Looking down on Paris from the sky or, more conveniently, upon its plan spread out on the table, you will see a long thin line which stretches from the most north-eastern point of the city limits to the point where it crosses the Seine, to keep straight on to the Cité Universitaire and on to the southwest.
This line is that of the oldest commercial highway in Europe!
It was over this road that the Phenicians, coming from Cornwall, England, with tin, hundreds of years before Caesar, arrived at the little settlement in the Seine, where, no doubt, they enjoyed its security, before going on to the Mediterranean, a sea they knew well and by which they would reach Phenicia with their merchandise, worth its weight in gold.
To me this is one of the most marvelous facts: that that old road which was trod by ancient importers of Phenicia, should still be here for us to walk its full length! Names were given to its different parts a thousand years after the days of the Phenicians, and the name of St Martin be-longs to this upper part; across the Seine its continuation, the rue St Jacques, was paved first by the Romans. Some of the paving which succeeded it in the 12th century is to be seen in the garden of the Cluny Museum.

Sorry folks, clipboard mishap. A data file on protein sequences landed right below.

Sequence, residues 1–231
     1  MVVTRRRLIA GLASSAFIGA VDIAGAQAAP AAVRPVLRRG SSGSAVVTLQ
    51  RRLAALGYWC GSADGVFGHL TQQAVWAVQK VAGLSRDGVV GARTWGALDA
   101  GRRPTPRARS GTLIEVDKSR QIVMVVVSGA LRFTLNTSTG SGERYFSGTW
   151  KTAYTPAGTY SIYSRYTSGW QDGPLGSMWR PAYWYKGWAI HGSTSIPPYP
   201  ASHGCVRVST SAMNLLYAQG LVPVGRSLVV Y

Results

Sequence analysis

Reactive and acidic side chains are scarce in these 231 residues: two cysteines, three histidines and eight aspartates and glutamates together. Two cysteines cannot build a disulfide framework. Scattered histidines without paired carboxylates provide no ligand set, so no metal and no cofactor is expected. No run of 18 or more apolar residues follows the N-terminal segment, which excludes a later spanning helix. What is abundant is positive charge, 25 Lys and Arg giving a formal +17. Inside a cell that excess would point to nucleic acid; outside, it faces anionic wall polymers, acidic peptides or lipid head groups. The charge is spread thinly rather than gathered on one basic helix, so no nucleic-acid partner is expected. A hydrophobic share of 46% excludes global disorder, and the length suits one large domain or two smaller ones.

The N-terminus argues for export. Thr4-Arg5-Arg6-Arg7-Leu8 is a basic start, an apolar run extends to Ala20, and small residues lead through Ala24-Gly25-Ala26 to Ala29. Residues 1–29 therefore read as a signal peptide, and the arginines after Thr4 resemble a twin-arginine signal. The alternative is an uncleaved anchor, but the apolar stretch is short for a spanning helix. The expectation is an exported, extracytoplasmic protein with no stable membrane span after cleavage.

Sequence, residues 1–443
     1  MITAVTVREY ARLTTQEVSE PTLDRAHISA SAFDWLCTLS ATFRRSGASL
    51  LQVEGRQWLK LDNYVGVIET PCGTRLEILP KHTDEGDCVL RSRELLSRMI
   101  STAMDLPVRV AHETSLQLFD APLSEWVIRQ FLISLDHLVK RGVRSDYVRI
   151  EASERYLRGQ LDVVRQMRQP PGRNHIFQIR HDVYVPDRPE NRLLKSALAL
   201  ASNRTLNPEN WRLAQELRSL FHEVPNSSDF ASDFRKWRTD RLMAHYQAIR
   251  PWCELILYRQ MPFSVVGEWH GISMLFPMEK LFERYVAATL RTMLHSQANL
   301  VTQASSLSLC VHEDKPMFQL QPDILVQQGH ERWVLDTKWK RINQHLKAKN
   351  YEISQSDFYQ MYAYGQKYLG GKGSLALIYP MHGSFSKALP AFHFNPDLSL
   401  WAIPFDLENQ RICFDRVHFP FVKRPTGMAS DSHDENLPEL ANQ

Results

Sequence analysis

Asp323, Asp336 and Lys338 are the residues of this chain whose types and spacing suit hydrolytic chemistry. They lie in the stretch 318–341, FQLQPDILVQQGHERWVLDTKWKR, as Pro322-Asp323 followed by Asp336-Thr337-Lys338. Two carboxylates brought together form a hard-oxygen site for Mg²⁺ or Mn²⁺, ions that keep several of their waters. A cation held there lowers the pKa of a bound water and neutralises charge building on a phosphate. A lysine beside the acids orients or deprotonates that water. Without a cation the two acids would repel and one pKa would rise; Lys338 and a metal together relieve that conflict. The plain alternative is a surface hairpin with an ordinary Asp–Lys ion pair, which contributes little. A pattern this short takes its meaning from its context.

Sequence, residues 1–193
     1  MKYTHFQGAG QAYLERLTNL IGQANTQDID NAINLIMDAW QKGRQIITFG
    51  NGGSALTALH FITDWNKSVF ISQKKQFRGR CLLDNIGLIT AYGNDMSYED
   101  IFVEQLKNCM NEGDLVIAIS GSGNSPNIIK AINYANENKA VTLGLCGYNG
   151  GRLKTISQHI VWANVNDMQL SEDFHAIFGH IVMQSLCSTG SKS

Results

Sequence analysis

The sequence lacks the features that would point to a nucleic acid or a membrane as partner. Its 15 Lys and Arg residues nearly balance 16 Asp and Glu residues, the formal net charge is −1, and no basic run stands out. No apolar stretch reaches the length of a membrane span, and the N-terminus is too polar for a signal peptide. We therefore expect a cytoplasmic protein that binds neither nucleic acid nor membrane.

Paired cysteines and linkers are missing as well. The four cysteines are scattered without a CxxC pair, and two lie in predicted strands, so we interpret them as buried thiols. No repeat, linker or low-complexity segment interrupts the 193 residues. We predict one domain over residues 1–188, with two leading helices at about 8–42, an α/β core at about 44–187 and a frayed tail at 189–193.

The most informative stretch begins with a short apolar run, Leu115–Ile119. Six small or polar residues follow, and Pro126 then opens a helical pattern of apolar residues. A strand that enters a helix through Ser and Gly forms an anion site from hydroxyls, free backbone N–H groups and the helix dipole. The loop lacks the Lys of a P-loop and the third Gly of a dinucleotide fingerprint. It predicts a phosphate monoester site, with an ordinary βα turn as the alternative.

The very form the walls of Paris took shows where that old route had had its urban influence. The circle of the wall of 1841 might have been nearly perfect had it not taken account of the fact that along this road was an agglomeration of houses which must be brought in to the city. And if you look at the successive walls of Paris on the diagram, you will see that this highway was much more the axis of Paris than the Seine itself.